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The go-to guide for you and your child

Perfect Places to Pedal: Family Bike Riding

Cycling is not only great exercise for both you and your kids, it’s also the most green form of transport you can take. So lower your carbon footprint and get on your bike ! Here are our favourite local bike riding routes.


 

1. Wyre Forest 

Wyre Forest is rated as one of the top three most ecologically important forests in Britain so offers fantastic scenery to cycle around. The family cycle route uses forest roads to take you through a varied woodland landscape. Green circular markers make the two cycle trails easy to follow. Start from the Discover Centre near Callow Hill. The centre offers toilets and a cafe too. If arriving by car, take some change for the car park machine. You can now hire bikes from Bewdley Outdoors, based at the Wyre Forest Discovery Centre – perfect if you don’t have a bike rack but want to go for a bike ride with the family!

This summer, the Commonwealth Games Mountain biking competition will be coming to Forestry England’s Cannock Chase Forest, and to help encourage the next generation of off-road cyclists, Forestry England has developed a new Forest Rider Pack, now available at Wyre Forest.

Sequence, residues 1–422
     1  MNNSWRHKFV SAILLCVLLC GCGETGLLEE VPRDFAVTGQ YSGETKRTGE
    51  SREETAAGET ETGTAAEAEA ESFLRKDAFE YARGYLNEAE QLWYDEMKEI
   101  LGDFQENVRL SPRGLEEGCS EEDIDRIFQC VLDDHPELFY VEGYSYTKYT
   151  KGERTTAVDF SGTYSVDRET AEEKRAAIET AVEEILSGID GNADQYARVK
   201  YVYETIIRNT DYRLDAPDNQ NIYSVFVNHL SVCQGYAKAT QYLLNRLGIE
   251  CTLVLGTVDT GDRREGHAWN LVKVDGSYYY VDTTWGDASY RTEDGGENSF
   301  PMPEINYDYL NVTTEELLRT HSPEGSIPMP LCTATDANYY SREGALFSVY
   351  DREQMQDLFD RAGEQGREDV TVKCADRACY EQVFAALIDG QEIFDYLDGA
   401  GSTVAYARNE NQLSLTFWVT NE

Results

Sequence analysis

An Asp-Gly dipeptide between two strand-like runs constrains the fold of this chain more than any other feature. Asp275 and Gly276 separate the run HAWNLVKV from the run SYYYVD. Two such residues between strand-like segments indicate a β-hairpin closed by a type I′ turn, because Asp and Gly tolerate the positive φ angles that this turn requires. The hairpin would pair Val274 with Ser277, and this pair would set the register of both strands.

2. Canal Towpaths

Our local canal network provides an abundance of flat towpaths along which to ride. In the springtime it’s lovely to cycle alongside the waterways, spotting herons and ducklings along the way.

One of our favourite canal routes is from Stourton to Kinver, with a well earned rest and packet of crisps at The Vine, before riding home, or a stop at The Lock for one of their delicious burgers!

3. Dudmaston Hall, Shropshire

The whole family can enjoy a cycling adventure into the woods at Dudmaston Hall, near Bridgnorth . Whether you’re experienced or just a beginner, the mountain bike route through the woods is a fantastic way to take in the local scenery Open 365 days per year this is a great way to enjoy all the seasonal changes on this beautiful part of the National Trust estate.

4. The South Staffordshire Railway Walk

This route (Near Baggeridge Park)  runs from Wolverhampton’s Aldersley Stadium to Himley, then continues as the Kingswinford Railway walk to Pensnett, running near Himley Hall. The route is road free as it runs along an old railway so crosses the roads via bridges. There are picnic sites dotted along the way
This route is suitable for all abilities, including young children as it’s mostly flat. Free car parking is available at the Old Wombourne Station, and at Himley Station.

5. Sandwell Valley Country Park
bikes track at Sandwell Valley

Sandwell Valley is a great place for a family bike ride, with different options for all levels of ability. If you don’t want to bring your own, you can hire bikes there (www.valleycyles.co.uk).There are miles of easy cycle routes. A cycle around the reservoir is a nice route for small children and for the more adventurous, there’s a 3.5k Mountain Bike Track as well as a Pump Track, located near to the adventure park, with lots of big bumps to ride over.